As Auckland’s public transport has improved over the last 10-15 years, so too has the discussion around its value, both to transport and urban form. Nowhere is more representative of that change than Britomart. Both the station and surrounding development have transformed a once unloved area of town into one of the most desirable locations in the city. And as this piece, titled “Transport hubs – new frontier for developers“, from the Herald on the weekend suggests, it appears the link between public transport and development is only getting stronger.
Step off a train at Britomart or Sylvia Park and you’re at the gateways to two of Auckland’s busiest shopping strips. But if you didn’t already know that, could you tell?
Exit signs provide directions but nothing more. Little about the spaces signal you are about to enter consumer wonderlands. But change is approaching fast, as transport authorities, retailers and property developers seek to unlock the commercial power of previously dormant transport hubs.
Bayleys national director commercial John Church says: “Developing commercial and residential space around transport hubs makes sense, both for developers and transport operators. With city centre space increasingly constrained, infrastructure-led developments have taken on new importance.
“Globally, most new large mixed-use schemes are part of existing or new transport hubs. By collaborating with a development partner, transport authorities can increase the level of income they receive from their assets, developing a revenue stream separate from fare-payers and taxpayers.”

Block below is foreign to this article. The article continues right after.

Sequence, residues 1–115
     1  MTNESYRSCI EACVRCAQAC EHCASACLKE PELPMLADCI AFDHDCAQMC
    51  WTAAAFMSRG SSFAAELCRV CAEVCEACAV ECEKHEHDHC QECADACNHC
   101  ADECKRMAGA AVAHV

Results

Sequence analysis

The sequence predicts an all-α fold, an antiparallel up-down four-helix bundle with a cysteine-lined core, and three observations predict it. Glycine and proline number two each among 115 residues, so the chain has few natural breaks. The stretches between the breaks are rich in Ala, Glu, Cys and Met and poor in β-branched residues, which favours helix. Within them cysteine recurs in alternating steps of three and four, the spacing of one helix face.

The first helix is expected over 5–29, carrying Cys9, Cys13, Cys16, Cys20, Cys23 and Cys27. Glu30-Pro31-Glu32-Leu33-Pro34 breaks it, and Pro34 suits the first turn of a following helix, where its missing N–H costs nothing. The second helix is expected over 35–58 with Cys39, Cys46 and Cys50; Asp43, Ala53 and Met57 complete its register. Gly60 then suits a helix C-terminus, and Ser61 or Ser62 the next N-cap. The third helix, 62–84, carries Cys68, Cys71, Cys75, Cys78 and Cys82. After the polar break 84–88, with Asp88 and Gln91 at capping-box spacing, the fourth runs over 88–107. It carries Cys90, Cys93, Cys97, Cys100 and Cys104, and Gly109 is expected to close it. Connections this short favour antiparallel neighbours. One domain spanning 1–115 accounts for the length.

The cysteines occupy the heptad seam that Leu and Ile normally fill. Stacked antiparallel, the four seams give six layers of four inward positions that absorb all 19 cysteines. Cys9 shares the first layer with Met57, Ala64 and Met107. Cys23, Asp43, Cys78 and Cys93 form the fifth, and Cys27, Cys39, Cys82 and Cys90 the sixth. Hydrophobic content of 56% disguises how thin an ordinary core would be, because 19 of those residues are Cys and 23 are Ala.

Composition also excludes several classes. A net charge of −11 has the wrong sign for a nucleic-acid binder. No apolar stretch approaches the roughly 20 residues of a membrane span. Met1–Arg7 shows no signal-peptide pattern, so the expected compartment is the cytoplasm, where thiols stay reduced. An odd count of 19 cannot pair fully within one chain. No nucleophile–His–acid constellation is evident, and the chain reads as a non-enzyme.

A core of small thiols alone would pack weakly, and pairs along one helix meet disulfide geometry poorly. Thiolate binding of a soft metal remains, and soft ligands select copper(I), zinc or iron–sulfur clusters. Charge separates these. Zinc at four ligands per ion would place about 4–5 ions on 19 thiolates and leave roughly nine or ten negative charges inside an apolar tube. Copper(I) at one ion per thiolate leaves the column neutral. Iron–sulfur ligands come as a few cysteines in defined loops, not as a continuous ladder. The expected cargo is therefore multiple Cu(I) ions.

Church adds: “A well-connected and fully integrated transport hub can lead to increased economic activity in the area surrounding it, which in turn helps to attract new developments, occupiers, businesses and employment initiatives.
“For developers, the benefits are clear: transport hubs offer them urban land they can’t get elsewhere, and the activity around the transport hubs themselves supports new development, potentially transforming the commercial and residential property market over time. Buyers and tenants want to be near the hub, so footfall and demand are increased.”
This is really positive to read and is similar to what we and many others, including the council in it’s plans, have been saying for some time. We only have to look at the impact the City Rail Link has had on development in the city, helping to spur on many projects worth billions of dollars. A factor important in convincing the government to get on with the project now.
The article goes on to talk to AT and about how they’re looking at what they’re offering at stations, something that prompted me to write this post (more in the series still to come). The comments earlier were further reinforced by the section below.
Retail consultants First Retail Group says that public transport is pivotal to the success of CBD retail and hospitality offerings, and that spaces close to public transport hubs will be in demand.
“The performance of street-facing businesses in CBDs will, in the future, be tied to consumer adoption of public transport.
“Transport hubs drive an audience past a retailer’s doors on a consistent, reliable basis. Few other locations can deliver such volumes and diversity – both necessary in ensuring retail success,” says the group’s managing director Chris Wilkinson.
There are some fantastic quotes in both those two excerpts they highlight that Auckland really is a city in transition at the moment, both physically and mentally. Of course, both are also linked together.